Those hopes were soon quashed as Maloney’s injury In September put him out of action long term. Moreover McManaman was dealing with illness and niggling injuries that hampered his return to full fitness. When Coyle left in December, McManaman had made hardly any impact up to that point. Fans were hoping that new manager Uwe Rosler could get the best out of the exciting young forward.

At this point of the season McManaman has started in only 14 of the 41 league matches played, scoring one goal and making one assist. Moreover he has rarely played the full ninety minutes. However, he has started in four of the five FA Cup matches Latics have played, scoring in the home tie with MK Dons.

It has been a disappointing season so far for Callum McManaman, but there is still time for him to make a major impact. He has clearly enjoyed playing at Wembley, judging by his performances against Millwall and Manchester City, maybe less so than in his appearance as a 60th minute substitute in the Community Shield.

Rosler will surely take McManaman into strong consideration for lining up in the semi-final against Arsenal at the weekend. Coincidentally it was against the Gunners that his career took that set-back last season. Saturday’s game will be one in which he will be keen to impress, showing a big audience that he still has that talent that has been hiding under the surface for so long this season.

If he is given the chance McManaman can get his career back on fast-track with a star performance against the Gunners. At his best there are few more exciting players to watch in English football.

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Proud Wigan slip away

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The week that brought Wigan Athletic its greatest moment in football has ended in sadness as the club’s eight-year Premier League history has been placed in the to-be-continued pile along with so many others.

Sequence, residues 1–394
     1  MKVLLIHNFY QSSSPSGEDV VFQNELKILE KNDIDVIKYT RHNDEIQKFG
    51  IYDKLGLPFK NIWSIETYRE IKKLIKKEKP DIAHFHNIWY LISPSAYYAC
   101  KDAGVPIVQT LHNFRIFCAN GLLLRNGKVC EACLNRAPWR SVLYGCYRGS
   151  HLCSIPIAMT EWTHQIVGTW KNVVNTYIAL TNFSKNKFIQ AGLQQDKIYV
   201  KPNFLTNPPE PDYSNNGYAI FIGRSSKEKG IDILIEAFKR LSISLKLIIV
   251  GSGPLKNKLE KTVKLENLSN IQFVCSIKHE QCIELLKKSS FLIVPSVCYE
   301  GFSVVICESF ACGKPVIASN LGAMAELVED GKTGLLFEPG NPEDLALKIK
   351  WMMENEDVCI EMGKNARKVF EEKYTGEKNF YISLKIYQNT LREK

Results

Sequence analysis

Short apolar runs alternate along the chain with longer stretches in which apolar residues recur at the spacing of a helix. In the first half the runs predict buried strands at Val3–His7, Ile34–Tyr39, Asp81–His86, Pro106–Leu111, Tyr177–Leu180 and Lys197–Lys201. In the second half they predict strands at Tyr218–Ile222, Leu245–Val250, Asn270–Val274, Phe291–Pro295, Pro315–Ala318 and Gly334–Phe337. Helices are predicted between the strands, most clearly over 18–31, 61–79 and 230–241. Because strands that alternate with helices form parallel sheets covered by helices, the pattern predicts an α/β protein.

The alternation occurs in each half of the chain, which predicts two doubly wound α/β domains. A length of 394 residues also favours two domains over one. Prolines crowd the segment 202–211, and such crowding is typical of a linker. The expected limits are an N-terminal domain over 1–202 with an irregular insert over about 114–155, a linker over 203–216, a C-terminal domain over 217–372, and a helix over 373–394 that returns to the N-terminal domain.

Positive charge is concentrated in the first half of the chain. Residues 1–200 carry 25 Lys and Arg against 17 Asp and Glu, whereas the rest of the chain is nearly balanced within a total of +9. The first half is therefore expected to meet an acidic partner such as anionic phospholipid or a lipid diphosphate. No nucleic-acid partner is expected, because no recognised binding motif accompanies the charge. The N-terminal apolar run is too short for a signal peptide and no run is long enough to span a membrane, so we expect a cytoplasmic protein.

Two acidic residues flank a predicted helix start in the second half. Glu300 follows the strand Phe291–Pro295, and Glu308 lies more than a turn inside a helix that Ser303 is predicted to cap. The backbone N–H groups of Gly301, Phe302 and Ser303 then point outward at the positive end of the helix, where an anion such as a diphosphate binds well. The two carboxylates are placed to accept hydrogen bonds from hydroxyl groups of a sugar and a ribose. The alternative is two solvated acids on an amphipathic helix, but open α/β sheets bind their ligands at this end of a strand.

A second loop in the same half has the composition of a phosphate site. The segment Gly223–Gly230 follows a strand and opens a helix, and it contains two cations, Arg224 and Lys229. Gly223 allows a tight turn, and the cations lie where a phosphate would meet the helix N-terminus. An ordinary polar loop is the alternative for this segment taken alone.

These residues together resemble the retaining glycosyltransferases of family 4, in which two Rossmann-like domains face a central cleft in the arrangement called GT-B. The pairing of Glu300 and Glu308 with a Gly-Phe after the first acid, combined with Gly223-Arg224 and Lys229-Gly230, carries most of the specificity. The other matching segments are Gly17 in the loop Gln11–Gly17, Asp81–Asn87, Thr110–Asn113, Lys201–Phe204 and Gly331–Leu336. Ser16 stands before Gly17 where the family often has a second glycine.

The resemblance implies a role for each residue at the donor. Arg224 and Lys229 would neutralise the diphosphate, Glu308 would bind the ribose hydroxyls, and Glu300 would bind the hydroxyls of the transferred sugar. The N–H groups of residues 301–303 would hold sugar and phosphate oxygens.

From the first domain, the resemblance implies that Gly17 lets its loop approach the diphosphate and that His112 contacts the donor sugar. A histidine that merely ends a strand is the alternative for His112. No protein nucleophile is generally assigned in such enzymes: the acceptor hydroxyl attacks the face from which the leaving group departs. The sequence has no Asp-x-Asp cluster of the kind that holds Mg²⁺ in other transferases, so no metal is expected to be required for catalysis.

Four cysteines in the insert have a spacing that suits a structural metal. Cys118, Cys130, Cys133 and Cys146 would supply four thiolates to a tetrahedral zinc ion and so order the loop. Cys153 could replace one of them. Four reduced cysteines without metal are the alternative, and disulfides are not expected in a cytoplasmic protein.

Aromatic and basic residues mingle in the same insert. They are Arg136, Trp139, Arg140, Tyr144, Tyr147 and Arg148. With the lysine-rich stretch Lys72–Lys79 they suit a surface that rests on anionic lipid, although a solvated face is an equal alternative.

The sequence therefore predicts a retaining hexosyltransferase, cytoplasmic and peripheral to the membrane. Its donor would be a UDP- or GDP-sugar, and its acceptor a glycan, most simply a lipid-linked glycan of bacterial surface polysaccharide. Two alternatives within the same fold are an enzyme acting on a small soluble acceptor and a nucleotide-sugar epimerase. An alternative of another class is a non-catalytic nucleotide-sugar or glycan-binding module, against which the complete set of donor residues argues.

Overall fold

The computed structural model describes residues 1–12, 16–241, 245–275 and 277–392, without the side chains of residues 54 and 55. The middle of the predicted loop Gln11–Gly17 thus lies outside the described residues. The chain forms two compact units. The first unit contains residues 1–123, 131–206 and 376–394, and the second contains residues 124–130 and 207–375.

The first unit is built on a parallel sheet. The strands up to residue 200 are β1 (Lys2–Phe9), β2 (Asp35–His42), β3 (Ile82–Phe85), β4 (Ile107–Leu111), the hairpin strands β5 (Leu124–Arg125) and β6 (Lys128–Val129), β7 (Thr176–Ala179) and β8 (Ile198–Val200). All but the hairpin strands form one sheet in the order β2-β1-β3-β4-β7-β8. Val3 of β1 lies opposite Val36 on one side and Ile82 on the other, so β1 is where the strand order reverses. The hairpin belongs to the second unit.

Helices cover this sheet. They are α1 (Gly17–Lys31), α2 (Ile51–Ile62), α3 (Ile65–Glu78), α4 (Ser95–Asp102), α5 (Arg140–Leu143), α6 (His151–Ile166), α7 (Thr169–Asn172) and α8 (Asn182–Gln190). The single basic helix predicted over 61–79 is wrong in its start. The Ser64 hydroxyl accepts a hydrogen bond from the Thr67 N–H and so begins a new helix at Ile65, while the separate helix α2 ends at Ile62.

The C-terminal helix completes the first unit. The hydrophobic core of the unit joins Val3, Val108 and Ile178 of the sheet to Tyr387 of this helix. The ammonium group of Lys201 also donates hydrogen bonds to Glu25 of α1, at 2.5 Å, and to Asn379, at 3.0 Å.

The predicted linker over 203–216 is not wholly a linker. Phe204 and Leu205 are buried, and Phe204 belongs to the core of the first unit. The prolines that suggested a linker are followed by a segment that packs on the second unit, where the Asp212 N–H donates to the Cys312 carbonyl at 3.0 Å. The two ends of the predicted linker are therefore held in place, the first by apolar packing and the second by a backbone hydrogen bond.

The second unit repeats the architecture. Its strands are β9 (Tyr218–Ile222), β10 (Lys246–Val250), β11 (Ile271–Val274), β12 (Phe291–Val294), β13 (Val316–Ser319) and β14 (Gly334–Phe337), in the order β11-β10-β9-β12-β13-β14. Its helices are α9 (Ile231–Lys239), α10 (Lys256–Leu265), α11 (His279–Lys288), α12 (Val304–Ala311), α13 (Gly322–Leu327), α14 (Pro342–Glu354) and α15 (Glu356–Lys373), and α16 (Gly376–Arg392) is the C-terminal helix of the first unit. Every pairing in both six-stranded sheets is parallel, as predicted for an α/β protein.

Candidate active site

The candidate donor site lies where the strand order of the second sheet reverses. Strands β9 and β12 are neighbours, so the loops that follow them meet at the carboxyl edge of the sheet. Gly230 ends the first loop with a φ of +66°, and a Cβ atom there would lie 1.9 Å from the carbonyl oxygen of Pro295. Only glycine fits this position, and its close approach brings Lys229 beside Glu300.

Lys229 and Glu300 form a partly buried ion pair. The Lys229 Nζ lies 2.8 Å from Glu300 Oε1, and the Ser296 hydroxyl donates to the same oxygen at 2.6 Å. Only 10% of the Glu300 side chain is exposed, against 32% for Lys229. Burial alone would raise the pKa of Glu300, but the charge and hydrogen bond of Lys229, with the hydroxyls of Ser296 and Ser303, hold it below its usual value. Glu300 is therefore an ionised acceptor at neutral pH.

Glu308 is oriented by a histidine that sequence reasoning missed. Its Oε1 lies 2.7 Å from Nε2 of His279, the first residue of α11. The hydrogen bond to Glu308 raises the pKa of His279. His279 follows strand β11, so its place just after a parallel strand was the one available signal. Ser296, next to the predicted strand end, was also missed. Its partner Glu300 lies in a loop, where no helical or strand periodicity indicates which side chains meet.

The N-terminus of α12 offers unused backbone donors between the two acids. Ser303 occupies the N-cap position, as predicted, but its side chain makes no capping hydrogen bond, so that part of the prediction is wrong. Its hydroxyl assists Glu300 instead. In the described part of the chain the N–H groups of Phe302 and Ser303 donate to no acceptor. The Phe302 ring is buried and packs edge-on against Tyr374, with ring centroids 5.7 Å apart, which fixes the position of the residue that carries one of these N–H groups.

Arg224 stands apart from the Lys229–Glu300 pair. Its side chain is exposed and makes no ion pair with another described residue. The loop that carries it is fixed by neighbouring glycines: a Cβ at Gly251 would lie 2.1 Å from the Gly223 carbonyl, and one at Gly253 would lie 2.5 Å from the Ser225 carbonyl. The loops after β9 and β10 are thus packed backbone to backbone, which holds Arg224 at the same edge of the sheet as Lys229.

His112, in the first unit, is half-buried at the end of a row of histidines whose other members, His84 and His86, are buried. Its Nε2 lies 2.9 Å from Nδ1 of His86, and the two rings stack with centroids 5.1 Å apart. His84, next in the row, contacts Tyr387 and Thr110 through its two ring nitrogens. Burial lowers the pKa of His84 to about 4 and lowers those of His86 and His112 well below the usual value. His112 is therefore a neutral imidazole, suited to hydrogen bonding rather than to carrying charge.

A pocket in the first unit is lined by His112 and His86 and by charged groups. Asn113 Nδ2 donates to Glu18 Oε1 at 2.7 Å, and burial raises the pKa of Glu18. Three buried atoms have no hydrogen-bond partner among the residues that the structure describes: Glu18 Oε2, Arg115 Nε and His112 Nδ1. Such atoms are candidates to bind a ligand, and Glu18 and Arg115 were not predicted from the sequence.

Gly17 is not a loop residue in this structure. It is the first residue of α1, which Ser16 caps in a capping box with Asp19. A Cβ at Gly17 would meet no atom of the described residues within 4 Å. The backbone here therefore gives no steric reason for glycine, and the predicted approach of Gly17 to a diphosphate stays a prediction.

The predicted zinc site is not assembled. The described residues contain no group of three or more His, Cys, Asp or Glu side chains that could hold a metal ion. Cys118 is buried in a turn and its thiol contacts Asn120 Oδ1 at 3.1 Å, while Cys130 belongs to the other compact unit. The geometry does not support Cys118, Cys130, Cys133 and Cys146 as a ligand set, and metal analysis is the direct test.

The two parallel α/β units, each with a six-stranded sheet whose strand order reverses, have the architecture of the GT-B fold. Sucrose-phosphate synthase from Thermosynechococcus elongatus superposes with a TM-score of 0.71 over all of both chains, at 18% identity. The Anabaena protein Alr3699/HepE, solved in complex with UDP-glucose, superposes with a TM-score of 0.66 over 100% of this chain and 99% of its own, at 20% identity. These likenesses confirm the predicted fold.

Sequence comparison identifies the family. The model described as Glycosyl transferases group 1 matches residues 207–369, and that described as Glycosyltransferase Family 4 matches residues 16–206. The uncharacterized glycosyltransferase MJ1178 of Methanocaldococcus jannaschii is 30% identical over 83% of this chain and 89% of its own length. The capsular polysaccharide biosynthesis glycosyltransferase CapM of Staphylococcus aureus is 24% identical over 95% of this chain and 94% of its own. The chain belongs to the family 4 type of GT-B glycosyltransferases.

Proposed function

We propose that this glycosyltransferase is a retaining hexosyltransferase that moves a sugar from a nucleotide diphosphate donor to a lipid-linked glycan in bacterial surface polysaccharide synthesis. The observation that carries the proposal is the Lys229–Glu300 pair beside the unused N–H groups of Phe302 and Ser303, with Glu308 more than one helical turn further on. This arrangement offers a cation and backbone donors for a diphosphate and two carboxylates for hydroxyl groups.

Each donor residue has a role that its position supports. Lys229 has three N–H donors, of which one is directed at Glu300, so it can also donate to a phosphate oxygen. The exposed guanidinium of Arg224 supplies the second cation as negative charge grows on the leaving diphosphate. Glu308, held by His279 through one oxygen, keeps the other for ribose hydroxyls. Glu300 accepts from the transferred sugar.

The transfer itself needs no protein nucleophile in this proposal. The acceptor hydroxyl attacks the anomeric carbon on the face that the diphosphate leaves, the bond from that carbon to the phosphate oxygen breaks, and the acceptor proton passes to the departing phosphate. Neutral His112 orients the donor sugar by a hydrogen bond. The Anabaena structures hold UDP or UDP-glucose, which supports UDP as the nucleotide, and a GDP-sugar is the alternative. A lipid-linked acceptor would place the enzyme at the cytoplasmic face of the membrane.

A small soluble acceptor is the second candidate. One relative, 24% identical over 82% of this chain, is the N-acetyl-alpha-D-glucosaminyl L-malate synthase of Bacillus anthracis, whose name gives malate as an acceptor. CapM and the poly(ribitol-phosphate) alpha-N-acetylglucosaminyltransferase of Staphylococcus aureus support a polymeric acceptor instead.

Few Wigan supporters will feel anything but overwhelming pride tonight despite being relegated, as an injury-plagued and thoroughly exhausted squad gave Arsenal a real scare amidst rainy scenes at the Emirates. With the scores equal in the second half, it was Wigan playing the better football, narrowly failing to take the lead on several occasions before an Arsenal counter-attack swung the match and ultimately put Latics down.

Ensuing weeks will address questions about who will stay and who will go. For the time being, it is safe to say that the work of Roberto Martinez’s staff has ensured that Wigan is in very strong shape to bounce back in short order. When the club was first promoted in 2005 there was little in the way of youth development or reserves. Times are different — so much Latics progressed through the FA Cup using squad and youth players and, despite a number of injuries to key players, won the bloody thing.

Many have been mystified by Martinez’s Wigan. Capable of beating absolutely anyone on their day — often in style — they have found themselves embroiled in relegation battles more times than not in the Premier League years. Why wait until the final stretch to get going? The yearly process of replacing first team players lost in the summer window plays a key role and certainly did this season. Not until the rise of Callum McManaman a couple months ago were Wigan able to replace the direct and skillful Victor Moses. But the funds raised from the Moses sale are exactly what have aided the rise of young players like McManaman and the purchases and development of talents such as Roman Golobart, Nouha Dicko and others that may become key players in the Championship next year. Those sales and that period of rebuilding were necessary for the model. Wigan have taken a gamble with said strategy for the past number of years and it has paid off, allowing the club to maintain Premier League status while building behind the scenes. This year, they lost the gamble with Premier League salvation, but Wigan won the FA Cup and qualified for European football for the first time in the club’s history, a stunning achievement. True to form, Wigan Athletic have been relegated in what is arguably the club’s most successful season ever.

On the pitch, the obvious deficiencies this season were defensive. Last year’s player of the season and club captain Gary Caldwell was dogged by a troublesome hip injury from beginning to end, the excellent Antolin Alcaraz missed more than two thirds of the campaign, new signing Ivan Ramis has been out since January, while Maynor Figueroa, Jean Beausejour and Ronnie Stam were all injured in the crucial final stretch. Ali Al-Habsi, so influential in previous seasons, made several high profile mistakes and was dropped. Fixture congestion — with the FA Cup final played only three days before today’s match — certainly didn’t help. When yet another influential player, McManaman, went off injured in today’s match, you got the sense it was the final straw for Martinez’s ailing squad.